Help for the homeless living beneath the Queen City Bridge in Gainesville has finally gained traction nearly three weeks after city officials and local law enforcement announced plans to sweep and close the encampment.
“We have had a turnaround,” said Phillippa Lewis Moss, director of the Gainesville-Hall County Community Service Center.
Seven individuals were transported directly to local shelters this week, several of which entered mental health or substance abuse programs, according to Moss.
It may not be the Promised Land, but it’s promising nonetheless.
“It’s heartwarming to see people come to terms with their condition and to avail themselves of assistance,” said Moss, who spearheaded an effort with local nonprofits and missions to conduct outreach at the camp. “It’s my hope that they will take this opportunity to turn their lives around and rejoin the community in a powerful way.”
The departure of these homeless has left the camp as quiet as ever. A few long-timers remain, some resigned to the camp’s closing and others still holding fast to its splintering threads.
They’ve got an advocate in the Rev. Victor Lamar Johnson, who said the homeless are like a family, with all its typical infighting and love. He said he’d stand tall for the homeless if they are pushed to leave before they are ready.
A few homeless men have indicated that they will simply relocate to another overpass, along the railroad tracks or in the adjacent woods where a large encampment once existed before it was cleared.
That fact alone calls into question the ability of police and city officials to enforce the request from the Georgia Department of Transportation, which owns the right-of-way, to remove everyone from under the bridge or keep them from coming back in the future.
Gainesville police spokesman Sgt. Kevin Holbrook said the No. 1 priority is to provide resources to the homeless and assist in the transition away from the bridge.
Moss said she intends to visit the bridge again next week, but time is running short.
Police officials had given a Friday deadline for the homeless to vacate, but there was no enforcement made this week to clear the camp.
Moss said city officials want to give providers “time to do their work.”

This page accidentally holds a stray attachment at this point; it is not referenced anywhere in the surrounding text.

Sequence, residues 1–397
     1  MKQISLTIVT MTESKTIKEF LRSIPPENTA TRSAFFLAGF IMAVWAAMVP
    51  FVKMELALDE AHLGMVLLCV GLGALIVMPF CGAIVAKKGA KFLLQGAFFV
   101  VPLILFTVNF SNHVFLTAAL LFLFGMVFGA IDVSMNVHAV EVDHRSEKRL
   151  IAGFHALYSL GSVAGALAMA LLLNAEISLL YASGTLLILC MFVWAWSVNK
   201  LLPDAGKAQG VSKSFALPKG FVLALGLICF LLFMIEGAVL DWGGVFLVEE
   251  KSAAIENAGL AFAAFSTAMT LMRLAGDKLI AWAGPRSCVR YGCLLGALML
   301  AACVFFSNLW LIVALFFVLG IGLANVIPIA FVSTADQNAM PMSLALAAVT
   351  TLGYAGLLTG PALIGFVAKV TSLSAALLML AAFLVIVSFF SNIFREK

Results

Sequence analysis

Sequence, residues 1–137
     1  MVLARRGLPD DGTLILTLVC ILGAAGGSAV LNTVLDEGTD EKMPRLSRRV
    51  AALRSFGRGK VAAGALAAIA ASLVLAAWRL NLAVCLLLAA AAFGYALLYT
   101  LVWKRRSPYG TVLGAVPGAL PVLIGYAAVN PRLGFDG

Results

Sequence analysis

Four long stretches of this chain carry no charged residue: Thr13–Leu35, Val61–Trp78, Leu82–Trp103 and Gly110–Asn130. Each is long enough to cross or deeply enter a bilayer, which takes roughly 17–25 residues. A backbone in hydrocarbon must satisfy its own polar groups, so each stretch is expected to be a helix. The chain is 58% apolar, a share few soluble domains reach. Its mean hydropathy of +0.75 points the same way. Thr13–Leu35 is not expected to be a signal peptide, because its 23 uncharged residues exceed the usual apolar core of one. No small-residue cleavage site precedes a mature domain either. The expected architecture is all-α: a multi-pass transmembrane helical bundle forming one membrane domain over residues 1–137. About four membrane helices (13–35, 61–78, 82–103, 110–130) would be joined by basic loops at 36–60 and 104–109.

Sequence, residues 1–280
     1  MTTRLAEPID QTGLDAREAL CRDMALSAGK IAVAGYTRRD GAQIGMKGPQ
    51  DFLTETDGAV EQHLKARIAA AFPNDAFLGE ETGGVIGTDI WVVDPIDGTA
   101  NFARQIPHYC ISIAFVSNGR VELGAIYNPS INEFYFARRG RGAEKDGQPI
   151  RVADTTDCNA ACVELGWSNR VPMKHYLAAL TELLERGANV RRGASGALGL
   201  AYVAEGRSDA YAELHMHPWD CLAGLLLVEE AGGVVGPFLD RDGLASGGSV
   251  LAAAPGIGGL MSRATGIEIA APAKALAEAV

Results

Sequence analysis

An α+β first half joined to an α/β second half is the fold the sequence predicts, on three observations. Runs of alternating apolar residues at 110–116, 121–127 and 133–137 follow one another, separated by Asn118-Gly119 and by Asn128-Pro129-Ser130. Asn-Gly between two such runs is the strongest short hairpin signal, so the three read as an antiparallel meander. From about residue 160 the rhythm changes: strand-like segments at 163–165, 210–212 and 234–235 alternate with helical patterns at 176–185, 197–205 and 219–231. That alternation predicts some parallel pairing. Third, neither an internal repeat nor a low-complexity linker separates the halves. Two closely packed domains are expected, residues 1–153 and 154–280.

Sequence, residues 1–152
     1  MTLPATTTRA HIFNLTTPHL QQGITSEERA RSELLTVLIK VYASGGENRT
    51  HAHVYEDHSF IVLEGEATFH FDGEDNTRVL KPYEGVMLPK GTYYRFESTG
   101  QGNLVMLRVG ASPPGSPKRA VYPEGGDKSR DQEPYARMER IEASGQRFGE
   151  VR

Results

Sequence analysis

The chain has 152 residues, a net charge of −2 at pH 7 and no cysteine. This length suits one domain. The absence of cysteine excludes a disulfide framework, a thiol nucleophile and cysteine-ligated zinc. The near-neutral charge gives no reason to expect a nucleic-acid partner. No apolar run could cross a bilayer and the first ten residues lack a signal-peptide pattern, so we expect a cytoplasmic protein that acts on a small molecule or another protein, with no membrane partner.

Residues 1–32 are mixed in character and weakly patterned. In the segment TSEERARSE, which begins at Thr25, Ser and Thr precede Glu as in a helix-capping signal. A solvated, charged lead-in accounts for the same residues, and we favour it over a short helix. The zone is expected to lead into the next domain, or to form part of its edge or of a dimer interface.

Holbrook said he understands that some individuals wish to stay.
It is unclear, however, what role the GDOT will play in removing tents, couches and personal belongings when they day comes to erect barricades and “no trespassing” signs.
“I’m going down with the ship,’ said Leon Hines, a man in his 60s who has called the bridge home for years.
In the meantime, the challenge of serving the homeless continues.
Moss coordinated a small “crisis group” to intervene in all ways, from storing their belongings to providing transport to local clinics and transitional housing.
Even the stray cats and dogs that became pets at the camp are being cared for when possible.
Leslie and Kim hope their opportunity is coming.
The two women said getting into a shelter on their own has been next to impossible.
There are inherent restrictions local shelters have. For example, medical conditions can be cause to get turned away. Drug and alcohol use is not permitted. And strict curfews mean no working the nightshift.
“The shelters will not accepted anyone that is in a crisis state,” Moss said.
Moreover, one slip-up means you’re not likely to be invited back.
This leaves some of the most vulnerable and chronically homeless individuals to the streets.
“Why do I have to be a junkie to get a place?” said Leslie, a homeless woman who lives at a smaller camp close to the bridge.
Kim said she lives in her car. She’s hoping to find an apartment and get back on the job.
“It’s difficult to hold down work when you’re homeless,” she said.
When Melvin Brown showed up to the bridge, it was clear he had seen enough.
He’s been visiting for about two and a half years, dropping off basic supplies and extending a word of encouragement to the homeless here.
But after the camp was flooded twice last year, and with the cold winter months returning now, Brown said it’s time to see a better life for those living there.
“In my opinion, they been down here long enough,” he said. “Just don’t get stuck down here.”
New volunteers have stepped up in recent weeks, including church groups, businesses and individuals with a heart to serve.
It’s certainly been a wakeup call for local resident Becky Prince Burnette.
Hall is just one of 10 counties in Georgia to experience a more than 50 percent rise in the number of unsheltered homeless between 2013 and 2015, according to data from the state Department of Community Affairs.
“My blood just started boiling,” Burnette said about learning of the homeless under the bridge. “It surprised even me how upset I got.”
Burnette said she wants to be part of the growing outreach for area homeless and visited the camp this week for starters.
“Understanding that this is what people call home, it’s frightening,” she said.